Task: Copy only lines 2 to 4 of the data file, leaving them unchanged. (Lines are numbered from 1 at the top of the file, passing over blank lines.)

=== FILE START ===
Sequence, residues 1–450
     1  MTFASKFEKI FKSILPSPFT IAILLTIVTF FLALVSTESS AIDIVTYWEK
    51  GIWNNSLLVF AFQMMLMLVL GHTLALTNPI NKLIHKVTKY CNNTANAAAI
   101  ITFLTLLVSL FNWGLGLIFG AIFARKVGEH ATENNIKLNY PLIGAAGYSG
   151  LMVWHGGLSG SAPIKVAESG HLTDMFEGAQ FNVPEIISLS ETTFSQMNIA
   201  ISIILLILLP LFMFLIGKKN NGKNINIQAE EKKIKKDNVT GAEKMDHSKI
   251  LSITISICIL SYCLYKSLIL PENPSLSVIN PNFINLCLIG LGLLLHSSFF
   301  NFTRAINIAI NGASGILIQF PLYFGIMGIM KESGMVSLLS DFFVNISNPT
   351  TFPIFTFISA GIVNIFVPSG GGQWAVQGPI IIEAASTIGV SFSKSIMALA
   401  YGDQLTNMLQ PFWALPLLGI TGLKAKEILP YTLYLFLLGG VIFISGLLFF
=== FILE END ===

     1  MTFASKFEKI FKSILPSPFT IAILLTIVTF FLALVSTESS AIDIVTYWEK
    51  GIWNNSLLVF AFQMMLMLVL GHTLALTNPI NKLIHKVTKY CNNTANAAAI
   101  ITFLTLLVSL FNWGLGLIFG AIFARKVGEH ATENNIKLNY PLIGAAGYSG